Regenerative agroforestry-focused startup reNature has raised €550,000 ($677,000) in seed funding from private investors including Golden Bird fund manager Arne Driessen, New AJE Capital co-founder Josephine Korijn, Toniic senior manager Koen van Seijen, and Murielle and Simon Pickard.
The seed round includes prior funding from two existing investors: Meraki Impact, which manages a venture capital portfolio of funds and co-investments focused on the sustainability of natural resources and food production for a family office; and Doen Foundation, the fund of the Dutch Charity Lotteries.
Launched in 2019, Amsterdam-based reNature takes on projects to support the adoption and scaling of regenerative agriculture. These initiatives dot the globe, with some of the more recent ones taking place in Brazil, Portugal, the Ivory Coast, India, Mexico, Indonesia, and Kenya.
On the Indonesian island of Bangka, for example, reNature is working with other partners including Verstegen Spices and a local farmer organization called PT Can to redesign the cultivation of pepper to also provide multiple byproducts, generate ecosystem services, and boost farmer livelihoods.
“From headquarters, we get clients and their projects. We then connect the dots among international experts who know how to do regenerative agroforestry using our financing opportunities,” said co-founder Marco de Boer.
He told AFN the company grew rather quickly from five to 16 employees in one year, necessitating the need for more capital.
“The round [closed] much faster than we anticipated,” he said, adding that the company has its sights set on raising a Series A sometime next year.
De Boer said the new funding will be used to help fuel the startup’s mission to make agroforestry and regenerative agriculture mainstream. This starts with good communication, and making sure that people hear about the concepts, he suggested.
Part of that communications plan is to open an office in Brazil; the Covid-19 pandemic unexpectedly accelerated the company’s transition to a remote-working model, which should help with the transcontinental move.
Scaling the regenerative dream
Regenerative agriculture is continuing to steal the limelight, gaining attention from big agrifood corporations like Cargill and Danone, prompting government action, and attracting investor dollars. But one of the biggest criticisms of the movement is that scaling this new approach to farming — which urges farmers to take a more holistic, biologically-driven approach to their work — may be impossible. Some think there are simply too many barriers to carry the movement forward.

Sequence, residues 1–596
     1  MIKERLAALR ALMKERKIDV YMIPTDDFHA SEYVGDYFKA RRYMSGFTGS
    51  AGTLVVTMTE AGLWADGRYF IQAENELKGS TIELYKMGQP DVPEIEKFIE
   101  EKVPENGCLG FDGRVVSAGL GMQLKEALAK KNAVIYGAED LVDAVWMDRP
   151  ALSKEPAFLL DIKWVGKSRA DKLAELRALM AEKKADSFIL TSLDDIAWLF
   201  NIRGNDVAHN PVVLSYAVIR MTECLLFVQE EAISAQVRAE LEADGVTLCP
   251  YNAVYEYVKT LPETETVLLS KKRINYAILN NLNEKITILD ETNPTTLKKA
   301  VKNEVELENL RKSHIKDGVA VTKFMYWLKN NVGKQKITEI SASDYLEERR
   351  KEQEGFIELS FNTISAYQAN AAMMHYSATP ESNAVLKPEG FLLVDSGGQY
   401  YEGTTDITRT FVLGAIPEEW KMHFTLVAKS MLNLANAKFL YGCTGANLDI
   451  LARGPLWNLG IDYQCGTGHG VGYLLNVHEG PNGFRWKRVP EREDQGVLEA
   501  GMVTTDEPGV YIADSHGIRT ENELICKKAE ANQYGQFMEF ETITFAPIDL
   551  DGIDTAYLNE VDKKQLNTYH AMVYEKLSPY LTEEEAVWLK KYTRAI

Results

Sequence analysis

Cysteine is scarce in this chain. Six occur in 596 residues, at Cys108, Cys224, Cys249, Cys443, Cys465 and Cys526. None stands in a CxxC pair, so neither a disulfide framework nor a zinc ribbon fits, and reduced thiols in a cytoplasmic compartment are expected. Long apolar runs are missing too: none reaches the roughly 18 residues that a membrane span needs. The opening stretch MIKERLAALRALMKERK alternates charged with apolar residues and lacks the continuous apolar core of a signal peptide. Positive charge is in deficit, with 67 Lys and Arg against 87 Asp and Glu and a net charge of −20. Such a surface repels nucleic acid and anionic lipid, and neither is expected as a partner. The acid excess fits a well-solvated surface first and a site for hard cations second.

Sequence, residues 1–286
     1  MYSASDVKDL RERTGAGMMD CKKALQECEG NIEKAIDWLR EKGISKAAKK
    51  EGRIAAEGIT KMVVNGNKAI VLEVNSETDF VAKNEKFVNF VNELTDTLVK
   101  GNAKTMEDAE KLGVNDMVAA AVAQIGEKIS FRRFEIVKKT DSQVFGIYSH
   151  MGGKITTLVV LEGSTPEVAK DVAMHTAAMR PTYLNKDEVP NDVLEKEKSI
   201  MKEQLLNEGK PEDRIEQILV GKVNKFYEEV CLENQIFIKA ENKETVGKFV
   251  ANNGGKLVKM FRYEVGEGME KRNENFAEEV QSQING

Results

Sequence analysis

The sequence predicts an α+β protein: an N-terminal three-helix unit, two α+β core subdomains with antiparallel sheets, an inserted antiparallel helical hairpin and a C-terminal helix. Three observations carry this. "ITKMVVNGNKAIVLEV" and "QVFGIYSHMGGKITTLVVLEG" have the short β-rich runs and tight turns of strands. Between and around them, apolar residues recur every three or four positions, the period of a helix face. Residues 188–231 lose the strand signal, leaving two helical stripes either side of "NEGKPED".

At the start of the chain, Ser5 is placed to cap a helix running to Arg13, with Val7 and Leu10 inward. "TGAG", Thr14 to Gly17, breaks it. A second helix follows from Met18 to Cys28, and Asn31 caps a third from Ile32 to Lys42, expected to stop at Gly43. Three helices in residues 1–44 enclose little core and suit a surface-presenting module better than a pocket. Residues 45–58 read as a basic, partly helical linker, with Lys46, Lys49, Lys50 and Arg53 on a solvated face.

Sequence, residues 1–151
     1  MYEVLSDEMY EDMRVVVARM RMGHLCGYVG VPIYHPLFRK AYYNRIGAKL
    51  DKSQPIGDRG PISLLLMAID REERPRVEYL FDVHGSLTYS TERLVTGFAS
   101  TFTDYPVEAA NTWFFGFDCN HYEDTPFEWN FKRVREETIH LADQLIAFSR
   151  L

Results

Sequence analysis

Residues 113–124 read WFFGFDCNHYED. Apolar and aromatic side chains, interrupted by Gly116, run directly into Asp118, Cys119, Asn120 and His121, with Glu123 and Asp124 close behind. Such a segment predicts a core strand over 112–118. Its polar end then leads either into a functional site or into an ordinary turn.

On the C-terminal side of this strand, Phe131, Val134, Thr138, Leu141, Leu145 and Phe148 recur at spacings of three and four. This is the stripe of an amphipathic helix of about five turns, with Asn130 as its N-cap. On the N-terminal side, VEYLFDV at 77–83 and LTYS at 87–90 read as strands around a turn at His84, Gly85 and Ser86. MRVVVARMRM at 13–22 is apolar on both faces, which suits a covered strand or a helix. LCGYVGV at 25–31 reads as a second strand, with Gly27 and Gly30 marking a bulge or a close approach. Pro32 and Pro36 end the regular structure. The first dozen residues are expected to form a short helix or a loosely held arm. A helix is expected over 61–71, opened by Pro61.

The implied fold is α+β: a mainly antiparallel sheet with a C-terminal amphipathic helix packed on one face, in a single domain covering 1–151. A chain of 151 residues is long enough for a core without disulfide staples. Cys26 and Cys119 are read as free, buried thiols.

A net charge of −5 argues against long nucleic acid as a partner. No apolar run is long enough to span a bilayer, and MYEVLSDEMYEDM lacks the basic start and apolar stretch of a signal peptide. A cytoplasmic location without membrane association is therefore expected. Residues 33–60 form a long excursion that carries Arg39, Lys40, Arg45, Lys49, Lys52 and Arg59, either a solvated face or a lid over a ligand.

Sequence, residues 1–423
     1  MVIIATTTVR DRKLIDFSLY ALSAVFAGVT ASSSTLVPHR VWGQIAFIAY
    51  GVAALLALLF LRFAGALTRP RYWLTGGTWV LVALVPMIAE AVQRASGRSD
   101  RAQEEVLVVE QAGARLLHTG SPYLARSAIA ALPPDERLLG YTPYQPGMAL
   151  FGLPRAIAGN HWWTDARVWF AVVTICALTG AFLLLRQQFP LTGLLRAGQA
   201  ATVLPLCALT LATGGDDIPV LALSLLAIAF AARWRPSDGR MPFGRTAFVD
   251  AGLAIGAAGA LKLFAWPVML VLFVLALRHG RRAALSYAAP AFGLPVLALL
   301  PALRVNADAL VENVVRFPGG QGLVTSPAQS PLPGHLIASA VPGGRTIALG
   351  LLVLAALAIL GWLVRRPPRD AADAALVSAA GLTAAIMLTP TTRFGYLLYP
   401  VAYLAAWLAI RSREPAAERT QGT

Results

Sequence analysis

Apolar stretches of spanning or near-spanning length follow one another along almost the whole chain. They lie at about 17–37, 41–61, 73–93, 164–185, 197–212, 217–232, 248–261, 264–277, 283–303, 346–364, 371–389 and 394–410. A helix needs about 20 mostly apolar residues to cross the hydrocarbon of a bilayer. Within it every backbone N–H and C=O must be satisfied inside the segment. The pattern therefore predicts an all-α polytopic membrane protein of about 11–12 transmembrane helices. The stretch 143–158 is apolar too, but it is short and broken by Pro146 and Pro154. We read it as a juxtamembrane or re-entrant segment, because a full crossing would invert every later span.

Most expertise in the segment is local in nature and well-protected by the farmers who work the system, de Boer said.
“They’re afraid to give away this knowledge because it is so specific and you have to have a lot of expertise. How we do it is by starting with a smaller plot so the farmer can learn how to do it without risking his entire financial situation,” he said.
“He can multiply it through a later stage. Nobody has really thought about how you can scale agroforestry.”
Moreover, the regenerative ag movement lacks organization, he added. And while he isn’t too concerned about the lack of a standard definition for regenerative agriculture, some ubiquity would help communicate the concept with fewer mental hoops to jump through.
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Part of reNature’s approach to remedying this is to bring a more systems-focused approach to regenerative ag. For example, the startup is developing its own in-house processes for things like enrolling new projects. This is a particularly tall order in the context of regenerative ag, which aims to embrace the unique biological and holistic markers of different geographies in order to better incorporate natural systems.
“Everything is unique and you have to do everything again and again. We’re really looking for a way to professionalize the development of these systems,” de Boer said.
He’s also hoping to foster a collegial working environment in the regenerative space. He recalled a project reNature was working on in Indonesia where the trees needed for the system were not readily available on that particular island. The startup had to design a system which included the creation of a nursery on the island that could produce the plants required.
Corporate attention is welcome in de Boer’s eyes, and reNature is working with a few undisclosed players at the moment.
“It’s important the big brands give attention to this because the consumer will follow. And the consumer is also really aware that what they are consuming may not be the best for nature and biodiversity,” he said.
“What we are trying to do with these companies is show that we are not just talking the talk, but we’re also developing systems and embracing techniques that show that they have a result.”